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In the past, Bell has appeared untouchable in the middle order, but at least he has faced a challenge for his place this year
December 22, 2009
Poor Ian Bell, it didn't look very good, did it? First, he left a straight delivery from Paul Harris and lost his middle stump. Then, he arrived at the crease during a second-innings collapse, and was powerless to pull England out of their slump as he edged a sharp away-swinger from Friedel de Wet to be caught behind for 2. Now, after a match tally of seven runs in two innings, he is back under the spotlight with questions being asked about his future.
But wait a minute. In Bell's previous Test he made a vital contribution to England's Ashes-sealing victory at The Oval. His first-innings 72 must go down as one of most quickly forgotten performances in recent times. At the time, nobody believed that England's first-innings 332 would be sufficient in the conditions, but then suddenly Australia were skittled for 160 by Stuart Broad, and the determination that Bell had put into the innings top-score was worthy of extra praise - although none was particularly forthcoming.
Clearly his returns at Centurion Park were bleak, but hold your scorn for a moment. This time he should not be singled out. In the past, Bell has appeared untouchable in the middle order, but at least he has faced a challenge for his place this year. He was dropped in West Indies and didn't return until Edgbaston against Australia when Kevin Pietersen was ruled out after surgery. But it wasn't purely a recall by default. He had made runs in county cricket, and returned to the squad on merit.
Meanwhile, it is Alastair Cook at the top of the order who is now looking untouchable. He has scored just two Test hundreds in the past two years, both against West Indies - one on a featherbed at Barbados and another at Chester-le-Street when West Indies didn't want to be there - while six of his nine tons came in his first 17 matches. In 15 Tests against Australia and South Africa, countries with the bowlers to exploit his weakness outside off stump, his average plummets to 30.50 from a career level of 42.09. It's time he was put under some real pressure.
But where is that pressure going to come from? There are no obvious candidates to open in the current squad, unless Trott is pushed up to order to match his promotion in ODI cricket. England named six specialist batsmen for this trip and all are now in the starting line-up. That could very easily remain the case for the Boxing Day Test, too, with a five-man bowling attack nowhere near a certain course of action for the visitors, despite the heavy workload for the three quicks in the opening game.
Outside of the men on this tour, the most likely candidate to challenge Cook is Joe Denly. But he hasn't taken his one-day opportunities with both hands and was dropped for the recent series against South Africa. A double-hundred for the Performance Squad was a timely reminder of his potential, but Cook certainly isn't sweating yet.
Cook's hold on his position is made to look even more secure when he is talked about as England's captain-in-waiting. "A leader in his own right," Andy Flower said when answering a question about Cook's struggles. If Andrew Strauss is rested for the Bangladesh tour the captaincy appears to be Cook's. That, however, would become an untenable position if he endures a poor series in South Africa. And that would leave the selectors with a headache.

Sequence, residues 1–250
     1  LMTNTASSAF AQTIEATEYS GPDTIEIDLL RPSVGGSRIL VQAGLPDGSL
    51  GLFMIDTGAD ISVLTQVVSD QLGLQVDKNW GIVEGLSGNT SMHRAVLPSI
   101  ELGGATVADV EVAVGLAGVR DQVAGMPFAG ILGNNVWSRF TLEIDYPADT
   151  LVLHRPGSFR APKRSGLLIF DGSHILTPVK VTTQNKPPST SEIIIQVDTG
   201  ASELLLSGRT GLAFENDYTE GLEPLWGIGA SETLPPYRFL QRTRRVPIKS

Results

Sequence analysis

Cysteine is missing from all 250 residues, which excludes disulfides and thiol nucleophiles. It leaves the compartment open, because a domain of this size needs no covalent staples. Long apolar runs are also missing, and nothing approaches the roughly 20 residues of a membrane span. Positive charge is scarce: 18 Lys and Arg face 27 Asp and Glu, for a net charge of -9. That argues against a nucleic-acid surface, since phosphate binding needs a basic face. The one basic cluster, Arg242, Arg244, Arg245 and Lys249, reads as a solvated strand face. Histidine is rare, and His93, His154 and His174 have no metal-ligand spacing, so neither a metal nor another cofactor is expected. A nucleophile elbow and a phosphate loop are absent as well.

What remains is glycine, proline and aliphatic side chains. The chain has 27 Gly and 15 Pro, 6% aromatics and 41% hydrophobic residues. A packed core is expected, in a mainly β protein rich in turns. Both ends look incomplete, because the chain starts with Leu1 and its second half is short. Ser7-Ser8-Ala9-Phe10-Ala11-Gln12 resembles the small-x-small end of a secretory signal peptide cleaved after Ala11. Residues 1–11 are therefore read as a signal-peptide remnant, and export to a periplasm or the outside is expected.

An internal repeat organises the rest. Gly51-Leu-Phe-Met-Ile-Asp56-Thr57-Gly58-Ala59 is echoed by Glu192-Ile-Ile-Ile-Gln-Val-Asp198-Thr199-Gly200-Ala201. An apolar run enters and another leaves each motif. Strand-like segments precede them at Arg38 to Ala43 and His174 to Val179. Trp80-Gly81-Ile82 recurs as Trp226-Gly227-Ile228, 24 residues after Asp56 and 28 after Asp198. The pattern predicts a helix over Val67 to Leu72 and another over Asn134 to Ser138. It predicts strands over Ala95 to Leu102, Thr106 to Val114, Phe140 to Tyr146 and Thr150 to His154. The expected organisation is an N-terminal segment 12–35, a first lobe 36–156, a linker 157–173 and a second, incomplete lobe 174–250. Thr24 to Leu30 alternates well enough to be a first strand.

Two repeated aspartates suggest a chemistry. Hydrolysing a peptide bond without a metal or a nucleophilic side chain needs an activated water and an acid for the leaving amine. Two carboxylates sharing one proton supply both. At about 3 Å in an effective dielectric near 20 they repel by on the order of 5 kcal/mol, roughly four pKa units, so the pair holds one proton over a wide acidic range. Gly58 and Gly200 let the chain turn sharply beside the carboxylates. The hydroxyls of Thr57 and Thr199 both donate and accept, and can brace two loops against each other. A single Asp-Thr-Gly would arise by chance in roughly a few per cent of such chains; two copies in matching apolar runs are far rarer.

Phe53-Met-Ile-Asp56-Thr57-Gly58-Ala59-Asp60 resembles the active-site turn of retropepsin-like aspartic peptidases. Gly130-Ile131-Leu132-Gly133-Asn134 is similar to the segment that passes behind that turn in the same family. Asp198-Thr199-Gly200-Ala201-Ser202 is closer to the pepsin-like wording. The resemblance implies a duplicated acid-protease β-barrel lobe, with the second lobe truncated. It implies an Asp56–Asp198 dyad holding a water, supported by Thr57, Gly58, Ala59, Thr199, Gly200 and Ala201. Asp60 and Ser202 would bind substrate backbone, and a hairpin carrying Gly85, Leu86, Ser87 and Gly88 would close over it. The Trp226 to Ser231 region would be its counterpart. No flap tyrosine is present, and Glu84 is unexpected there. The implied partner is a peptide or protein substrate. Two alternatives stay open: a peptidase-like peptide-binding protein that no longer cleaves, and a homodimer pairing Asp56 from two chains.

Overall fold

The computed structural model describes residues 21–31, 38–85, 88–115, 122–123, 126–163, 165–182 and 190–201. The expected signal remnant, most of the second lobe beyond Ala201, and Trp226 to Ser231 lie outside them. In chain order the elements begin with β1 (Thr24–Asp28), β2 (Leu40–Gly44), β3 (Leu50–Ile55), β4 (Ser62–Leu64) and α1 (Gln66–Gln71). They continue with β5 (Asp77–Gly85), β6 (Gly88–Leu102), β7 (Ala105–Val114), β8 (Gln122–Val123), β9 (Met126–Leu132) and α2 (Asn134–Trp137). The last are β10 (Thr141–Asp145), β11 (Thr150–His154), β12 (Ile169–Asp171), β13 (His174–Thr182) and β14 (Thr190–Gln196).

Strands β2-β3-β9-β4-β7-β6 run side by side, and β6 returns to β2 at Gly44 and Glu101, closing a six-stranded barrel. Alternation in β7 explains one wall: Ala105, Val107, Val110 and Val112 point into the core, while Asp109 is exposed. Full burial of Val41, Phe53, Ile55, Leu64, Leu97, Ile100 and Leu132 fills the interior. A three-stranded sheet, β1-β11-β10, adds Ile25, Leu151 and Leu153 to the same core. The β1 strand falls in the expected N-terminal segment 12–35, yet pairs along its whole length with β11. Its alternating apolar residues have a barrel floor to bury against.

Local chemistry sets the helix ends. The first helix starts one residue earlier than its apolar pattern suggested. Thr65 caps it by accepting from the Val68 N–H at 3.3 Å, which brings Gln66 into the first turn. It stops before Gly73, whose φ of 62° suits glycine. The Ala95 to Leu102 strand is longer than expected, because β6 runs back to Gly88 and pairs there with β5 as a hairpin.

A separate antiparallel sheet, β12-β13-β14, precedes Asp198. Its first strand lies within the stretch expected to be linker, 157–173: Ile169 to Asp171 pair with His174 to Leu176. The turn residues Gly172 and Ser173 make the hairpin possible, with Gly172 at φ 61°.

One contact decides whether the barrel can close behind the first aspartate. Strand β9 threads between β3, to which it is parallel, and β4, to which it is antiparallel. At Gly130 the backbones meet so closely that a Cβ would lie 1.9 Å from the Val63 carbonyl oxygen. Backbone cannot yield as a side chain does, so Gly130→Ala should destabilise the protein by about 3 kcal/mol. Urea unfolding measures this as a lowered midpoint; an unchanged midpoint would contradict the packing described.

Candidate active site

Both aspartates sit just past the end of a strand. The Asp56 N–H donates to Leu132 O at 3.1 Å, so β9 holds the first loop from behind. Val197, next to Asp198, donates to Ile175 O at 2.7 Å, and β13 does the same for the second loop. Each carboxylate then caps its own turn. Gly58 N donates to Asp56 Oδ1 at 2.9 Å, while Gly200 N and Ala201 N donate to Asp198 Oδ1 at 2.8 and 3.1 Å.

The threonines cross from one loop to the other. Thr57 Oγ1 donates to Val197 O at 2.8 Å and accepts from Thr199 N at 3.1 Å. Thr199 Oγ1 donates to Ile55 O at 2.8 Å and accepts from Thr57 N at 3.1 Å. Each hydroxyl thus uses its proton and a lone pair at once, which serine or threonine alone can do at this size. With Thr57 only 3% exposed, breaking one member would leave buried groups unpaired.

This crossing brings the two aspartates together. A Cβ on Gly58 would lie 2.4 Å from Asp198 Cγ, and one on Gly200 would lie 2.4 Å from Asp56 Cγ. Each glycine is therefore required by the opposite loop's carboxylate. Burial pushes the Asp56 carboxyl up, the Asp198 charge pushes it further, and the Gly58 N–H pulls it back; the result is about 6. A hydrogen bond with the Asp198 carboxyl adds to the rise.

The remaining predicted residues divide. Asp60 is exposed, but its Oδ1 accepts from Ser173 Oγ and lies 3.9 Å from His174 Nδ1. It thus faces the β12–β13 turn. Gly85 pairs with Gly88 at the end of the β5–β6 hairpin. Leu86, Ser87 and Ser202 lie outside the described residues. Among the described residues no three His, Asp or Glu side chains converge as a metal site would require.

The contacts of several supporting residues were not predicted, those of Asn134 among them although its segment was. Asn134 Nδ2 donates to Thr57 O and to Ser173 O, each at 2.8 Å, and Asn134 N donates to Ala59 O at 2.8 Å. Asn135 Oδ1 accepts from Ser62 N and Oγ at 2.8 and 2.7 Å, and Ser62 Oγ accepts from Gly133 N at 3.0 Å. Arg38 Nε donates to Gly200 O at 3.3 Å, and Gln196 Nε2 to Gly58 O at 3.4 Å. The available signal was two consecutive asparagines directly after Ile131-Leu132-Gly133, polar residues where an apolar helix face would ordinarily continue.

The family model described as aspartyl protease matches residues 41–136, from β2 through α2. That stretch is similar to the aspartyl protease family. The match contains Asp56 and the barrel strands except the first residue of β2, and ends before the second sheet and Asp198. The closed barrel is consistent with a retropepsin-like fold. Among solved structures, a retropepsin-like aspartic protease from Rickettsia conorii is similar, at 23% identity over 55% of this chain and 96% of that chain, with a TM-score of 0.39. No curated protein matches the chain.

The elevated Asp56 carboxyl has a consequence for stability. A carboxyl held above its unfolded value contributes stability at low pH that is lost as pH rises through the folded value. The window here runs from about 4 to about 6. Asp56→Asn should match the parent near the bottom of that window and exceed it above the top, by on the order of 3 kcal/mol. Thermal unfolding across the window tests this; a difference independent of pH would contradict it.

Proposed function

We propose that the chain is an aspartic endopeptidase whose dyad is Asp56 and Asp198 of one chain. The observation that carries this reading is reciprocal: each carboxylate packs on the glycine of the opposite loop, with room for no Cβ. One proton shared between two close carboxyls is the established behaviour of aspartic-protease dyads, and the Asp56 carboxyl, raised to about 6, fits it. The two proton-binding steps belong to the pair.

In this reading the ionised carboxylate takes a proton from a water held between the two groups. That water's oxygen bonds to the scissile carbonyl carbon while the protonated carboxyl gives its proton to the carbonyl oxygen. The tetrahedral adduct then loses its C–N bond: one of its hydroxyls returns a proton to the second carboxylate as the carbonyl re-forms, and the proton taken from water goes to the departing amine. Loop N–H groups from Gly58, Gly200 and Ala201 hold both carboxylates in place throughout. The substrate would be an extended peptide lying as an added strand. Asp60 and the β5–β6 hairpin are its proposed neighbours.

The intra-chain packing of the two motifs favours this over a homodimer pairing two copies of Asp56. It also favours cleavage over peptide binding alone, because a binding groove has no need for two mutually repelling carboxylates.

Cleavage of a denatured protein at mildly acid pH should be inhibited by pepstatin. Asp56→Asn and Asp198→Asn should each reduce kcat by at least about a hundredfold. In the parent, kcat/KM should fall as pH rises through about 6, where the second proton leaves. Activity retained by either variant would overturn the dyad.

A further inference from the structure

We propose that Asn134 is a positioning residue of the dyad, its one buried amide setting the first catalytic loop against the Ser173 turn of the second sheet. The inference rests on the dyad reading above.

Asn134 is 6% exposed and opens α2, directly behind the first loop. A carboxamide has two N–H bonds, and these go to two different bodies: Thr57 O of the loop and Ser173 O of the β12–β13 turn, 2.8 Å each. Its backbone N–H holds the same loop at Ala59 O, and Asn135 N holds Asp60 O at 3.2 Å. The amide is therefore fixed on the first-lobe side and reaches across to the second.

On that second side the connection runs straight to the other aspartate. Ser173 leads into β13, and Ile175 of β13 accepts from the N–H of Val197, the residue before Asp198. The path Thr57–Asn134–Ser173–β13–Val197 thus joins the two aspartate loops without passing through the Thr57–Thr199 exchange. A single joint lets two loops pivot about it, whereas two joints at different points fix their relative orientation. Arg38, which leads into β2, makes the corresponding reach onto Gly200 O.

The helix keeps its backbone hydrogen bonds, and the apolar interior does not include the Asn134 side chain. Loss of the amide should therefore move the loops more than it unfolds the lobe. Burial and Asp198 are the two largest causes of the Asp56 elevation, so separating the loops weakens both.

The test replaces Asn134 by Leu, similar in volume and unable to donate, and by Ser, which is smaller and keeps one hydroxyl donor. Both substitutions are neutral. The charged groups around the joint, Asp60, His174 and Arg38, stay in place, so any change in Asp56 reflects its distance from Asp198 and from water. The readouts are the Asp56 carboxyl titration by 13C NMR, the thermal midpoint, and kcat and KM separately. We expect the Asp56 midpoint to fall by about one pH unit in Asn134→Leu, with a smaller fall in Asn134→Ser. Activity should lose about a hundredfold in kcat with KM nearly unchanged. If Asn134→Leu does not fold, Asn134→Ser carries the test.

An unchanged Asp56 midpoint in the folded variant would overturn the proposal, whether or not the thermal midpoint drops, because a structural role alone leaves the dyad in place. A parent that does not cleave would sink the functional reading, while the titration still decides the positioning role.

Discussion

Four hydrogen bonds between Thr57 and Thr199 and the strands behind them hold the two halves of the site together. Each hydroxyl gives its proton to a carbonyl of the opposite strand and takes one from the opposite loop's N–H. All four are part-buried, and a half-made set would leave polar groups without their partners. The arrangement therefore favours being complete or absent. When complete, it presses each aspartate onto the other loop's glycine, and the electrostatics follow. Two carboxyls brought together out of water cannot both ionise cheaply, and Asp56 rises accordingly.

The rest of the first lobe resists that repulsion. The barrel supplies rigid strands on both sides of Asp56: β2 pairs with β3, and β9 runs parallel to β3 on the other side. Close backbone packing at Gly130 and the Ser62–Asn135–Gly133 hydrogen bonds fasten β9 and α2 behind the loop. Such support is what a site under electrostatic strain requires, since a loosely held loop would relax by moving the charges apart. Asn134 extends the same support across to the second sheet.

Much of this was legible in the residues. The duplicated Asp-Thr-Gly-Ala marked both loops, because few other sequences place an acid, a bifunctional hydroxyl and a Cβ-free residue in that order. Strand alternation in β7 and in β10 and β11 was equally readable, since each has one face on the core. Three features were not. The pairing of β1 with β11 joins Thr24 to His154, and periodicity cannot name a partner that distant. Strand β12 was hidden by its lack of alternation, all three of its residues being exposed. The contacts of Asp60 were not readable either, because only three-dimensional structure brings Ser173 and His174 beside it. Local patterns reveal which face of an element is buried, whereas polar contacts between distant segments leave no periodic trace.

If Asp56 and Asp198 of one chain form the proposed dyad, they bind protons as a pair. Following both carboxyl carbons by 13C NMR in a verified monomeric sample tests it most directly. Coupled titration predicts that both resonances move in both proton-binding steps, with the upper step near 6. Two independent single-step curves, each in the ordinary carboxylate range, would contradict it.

That isn't to say Cook won't turn his form around. He spent the end of last season working on his technique with his mentor, Graham Gooch, who was also involved with his preparations for the first Test. Sadly for Cook, Gooch has now returned home so it's down to the man himself. There have been positive comments about Cook's footwork from people who know a thing a two about these things (not least Michael Vaughan) but his caught-behind in the first innings at Centurion, pushing at a delivery outside off, was worryingly familiar.
Opening the batting is one of the toughest jobs in Test cricket. Bowlers are fresh, the ball is new and the pitch is often lively. At Centurion, taking on the new ball was the hardest time to bat, as England's late collapse showed so clearly. Failures are part and parcel of an openers' life, but the problem for Cook is that his opponents have worked him out.
It happened to his current partner and captain, Andrew Strauss, after he had also enjoyed a prolific start to his Test career. The rot set in against Australia in 2006-07 and by the end of the following home season he was shot to pieces. Strauss was dropped for the tour of Sri Lanka but used the time to go away and work on his technique. The rest of the Strauss story is well documented (from the career-saving 177 against New Zealand through to his prolific 2009) and Cook now needs a similar transformation.
Maybe we were all lulled into expecting so much from Cook after he burst onto the scene with a remarkable century on debut in Nagpur. But international players are meant to set high benchmarks and keep them there. Christmas Day is his birthday and Durban will be his 50th Test match at the age of just 25. No better time, then, to silence the doubters with his tenth Test century.
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